Orders to Supply as Substitutes for Commitments to Aftermarkets
AbstractA number of recent antitrust cases in Canada and other countries have involved durable goods manufacturers refusing to supply proprietary parts to independent service organizations. Earlier work suggested that the inability of manufacturers to commit to low aftermarket prices creates an inefficiency that might be removed by a judicial order to supply. This paper examines this view critically with a specific model of repairs and demonstrates that under plausible conditions there is no welfare loss due to the inability to commit. It goes on to show that an order to supply can create its own distortion and welfare loss if it encourages inefficient substitution of inputs in the production of repairs.
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Bibliographic InfoArticle provided by Canadian Economics Association in its journal Canadian Journal of Economics.
Volume (Year): 31 (1998)
Issue (Month): 5 (November)
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Postal: Canadian Economics Association Prof. Steven Ambler, Secretary-Treasurer c/o Olivier Lebert, CEA/CJE/CPP Office C.P. 35006, 1221 Fleury Est Montréal, Québec, Canada H2C 3K4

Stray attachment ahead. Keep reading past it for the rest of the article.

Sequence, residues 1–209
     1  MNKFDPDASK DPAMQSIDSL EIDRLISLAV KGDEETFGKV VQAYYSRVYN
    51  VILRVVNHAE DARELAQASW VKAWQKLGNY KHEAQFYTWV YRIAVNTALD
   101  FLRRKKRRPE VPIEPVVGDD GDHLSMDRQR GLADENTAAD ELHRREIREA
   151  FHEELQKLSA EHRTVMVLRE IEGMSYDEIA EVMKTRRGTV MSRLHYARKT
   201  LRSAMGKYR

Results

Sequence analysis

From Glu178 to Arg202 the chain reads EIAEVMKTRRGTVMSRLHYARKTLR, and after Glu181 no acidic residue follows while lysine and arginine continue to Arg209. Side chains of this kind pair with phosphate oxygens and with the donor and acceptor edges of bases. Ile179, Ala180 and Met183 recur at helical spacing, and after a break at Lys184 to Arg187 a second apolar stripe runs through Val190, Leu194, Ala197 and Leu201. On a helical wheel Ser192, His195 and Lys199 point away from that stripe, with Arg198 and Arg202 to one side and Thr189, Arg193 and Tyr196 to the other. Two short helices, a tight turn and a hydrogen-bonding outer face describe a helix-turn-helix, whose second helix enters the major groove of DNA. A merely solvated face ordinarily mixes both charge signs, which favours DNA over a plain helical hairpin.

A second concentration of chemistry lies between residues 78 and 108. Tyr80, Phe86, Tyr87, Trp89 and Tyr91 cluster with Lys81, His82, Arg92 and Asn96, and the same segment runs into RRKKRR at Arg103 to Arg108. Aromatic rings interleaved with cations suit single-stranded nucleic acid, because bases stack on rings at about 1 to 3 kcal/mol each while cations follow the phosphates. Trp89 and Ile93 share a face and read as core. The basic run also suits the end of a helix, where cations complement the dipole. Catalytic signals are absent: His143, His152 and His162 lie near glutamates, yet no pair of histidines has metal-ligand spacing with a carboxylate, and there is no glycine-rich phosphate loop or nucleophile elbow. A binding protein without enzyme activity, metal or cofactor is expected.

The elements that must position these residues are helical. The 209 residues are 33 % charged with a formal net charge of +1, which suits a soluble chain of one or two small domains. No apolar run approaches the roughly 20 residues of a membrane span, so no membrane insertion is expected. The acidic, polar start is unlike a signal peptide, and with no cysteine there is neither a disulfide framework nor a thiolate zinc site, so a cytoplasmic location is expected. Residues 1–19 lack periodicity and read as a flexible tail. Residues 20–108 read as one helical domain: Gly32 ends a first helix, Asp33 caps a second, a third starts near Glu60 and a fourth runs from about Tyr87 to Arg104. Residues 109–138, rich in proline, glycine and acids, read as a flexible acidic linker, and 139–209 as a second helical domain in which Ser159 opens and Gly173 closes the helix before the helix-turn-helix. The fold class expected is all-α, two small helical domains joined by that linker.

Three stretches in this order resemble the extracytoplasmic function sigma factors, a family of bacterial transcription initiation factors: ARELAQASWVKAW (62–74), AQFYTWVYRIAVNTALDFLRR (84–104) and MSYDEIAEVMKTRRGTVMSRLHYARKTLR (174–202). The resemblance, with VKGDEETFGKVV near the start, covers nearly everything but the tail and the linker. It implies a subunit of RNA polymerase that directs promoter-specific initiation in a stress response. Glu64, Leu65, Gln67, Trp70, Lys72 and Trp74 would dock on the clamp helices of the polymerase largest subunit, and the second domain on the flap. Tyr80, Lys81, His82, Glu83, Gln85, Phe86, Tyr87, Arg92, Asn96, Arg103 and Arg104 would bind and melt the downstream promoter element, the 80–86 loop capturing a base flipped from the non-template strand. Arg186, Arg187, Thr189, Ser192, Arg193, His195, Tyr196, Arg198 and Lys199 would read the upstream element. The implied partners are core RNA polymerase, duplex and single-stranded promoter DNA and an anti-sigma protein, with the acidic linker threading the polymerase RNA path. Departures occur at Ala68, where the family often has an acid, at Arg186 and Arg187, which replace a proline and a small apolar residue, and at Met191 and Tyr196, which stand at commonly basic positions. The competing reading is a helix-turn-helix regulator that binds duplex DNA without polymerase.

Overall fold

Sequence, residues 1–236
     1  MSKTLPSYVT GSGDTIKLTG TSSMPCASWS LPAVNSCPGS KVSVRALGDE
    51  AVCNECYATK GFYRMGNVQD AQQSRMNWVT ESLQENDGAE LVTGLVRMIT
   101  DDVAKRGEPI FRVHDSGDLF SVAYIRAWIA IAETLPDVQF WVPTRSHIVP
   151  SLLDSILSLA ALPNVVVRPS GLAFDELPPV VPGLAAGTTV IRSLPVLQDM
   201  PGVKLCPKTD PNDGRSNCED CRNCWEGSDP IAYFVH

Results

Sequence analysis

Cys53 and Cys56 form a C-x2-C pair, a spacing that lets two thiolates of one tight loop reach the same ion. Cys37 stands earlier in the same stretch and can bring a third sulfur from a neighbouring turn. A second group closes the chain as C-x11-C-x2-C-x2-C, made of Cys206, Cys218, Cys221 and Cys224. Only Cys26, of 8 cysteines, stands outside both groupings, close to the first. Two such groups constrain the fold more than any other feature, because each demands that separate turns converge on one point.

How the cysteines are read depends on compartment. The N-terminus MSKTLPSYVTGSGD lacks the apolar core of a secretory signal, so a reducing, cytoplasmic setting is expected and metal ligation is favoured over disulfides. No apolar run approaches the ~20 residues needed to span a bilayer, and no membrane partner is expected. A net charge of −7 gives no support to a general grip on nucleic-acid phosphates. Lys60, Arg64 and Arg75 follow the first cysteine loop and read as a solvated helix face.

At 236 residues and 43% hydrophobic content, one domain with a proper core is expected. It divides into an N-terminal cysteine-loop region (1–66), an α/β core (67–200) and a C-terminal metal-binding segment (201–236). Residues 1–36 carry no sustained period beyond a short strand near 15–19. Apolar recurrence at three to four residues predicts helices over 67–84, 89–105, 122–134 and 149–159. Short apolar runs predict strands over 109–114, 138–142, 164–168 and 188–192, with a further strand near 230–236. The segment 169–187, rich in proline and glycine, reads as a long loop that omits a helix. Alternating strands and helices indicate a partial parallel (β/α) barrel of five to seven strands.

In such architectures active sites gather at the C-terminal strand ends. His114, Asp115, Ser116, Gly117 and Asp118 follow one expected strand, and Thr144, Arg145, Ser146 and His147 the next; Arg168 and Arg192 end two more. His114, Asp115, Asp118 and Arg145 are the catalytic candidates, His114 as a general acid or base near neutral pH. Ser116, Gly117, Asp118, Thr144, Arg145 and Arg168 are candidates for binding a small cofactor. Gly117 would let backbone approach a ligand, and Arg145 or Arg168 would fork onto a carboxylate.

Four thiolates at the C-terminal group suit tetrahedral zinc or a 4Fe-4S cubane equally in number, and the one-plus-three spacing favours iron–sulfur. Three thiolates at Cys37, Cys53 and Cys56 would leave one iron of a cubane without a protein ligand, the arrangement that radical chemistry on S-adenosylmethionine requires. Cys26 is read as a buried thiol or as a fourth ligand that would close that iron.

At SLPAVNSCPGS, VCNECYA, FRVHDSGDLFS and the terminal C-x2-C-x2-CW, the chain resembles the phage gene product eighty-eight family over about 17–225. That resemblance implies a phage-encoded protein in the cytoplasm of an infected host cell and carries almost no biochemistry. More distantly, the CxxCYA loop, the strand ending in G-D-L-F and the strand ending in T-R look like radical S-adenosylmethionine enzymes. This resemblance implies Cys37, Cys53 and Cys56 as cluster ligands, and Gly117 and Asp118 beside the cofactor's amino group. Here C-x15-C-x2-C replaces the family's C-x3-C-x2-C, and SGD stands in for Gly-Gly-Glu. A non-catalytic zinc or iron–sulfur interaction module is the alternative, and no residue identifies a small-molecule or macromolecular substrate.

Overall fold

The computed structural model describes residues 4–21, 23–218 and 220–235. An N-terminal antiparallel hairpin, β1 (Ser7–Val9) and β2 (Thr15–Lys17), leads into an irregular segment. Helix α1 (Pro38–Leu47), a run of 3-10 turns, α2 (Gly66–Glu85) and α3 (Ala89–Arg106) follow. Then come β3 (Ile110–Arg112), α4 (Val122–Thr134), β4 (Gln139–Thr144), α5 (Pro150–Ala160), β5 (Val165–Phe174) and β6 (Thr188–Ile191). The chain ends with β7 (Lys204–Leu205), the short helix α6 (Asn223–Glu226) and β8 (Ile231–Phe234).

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Other versions of this item:
- Zhiqi Chen & Tom Ross, 1996. "Orders to Supply as Substitutes for Commitments to Aftermarkets," Carleton Industrial Organization Research Unit (CIORU) 96-02, Carleton University, Department of Economics.
- L42 - Industrial Organization - - Antitrust Issues and Policies - - - Vertical Restraints; Resale Price Maintenance; Quantity Discounts
- L12 - Industrial Organization - - Market Structure, Firm Strategy, and Market Performance - - - Monopoly; Monopolization Strategies
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- Keisuke Hattori & Amihai Glazer, 2013. "How to Commit to a Future Price," Working Papers 131402, University of California-Irvine, Department of Economics.
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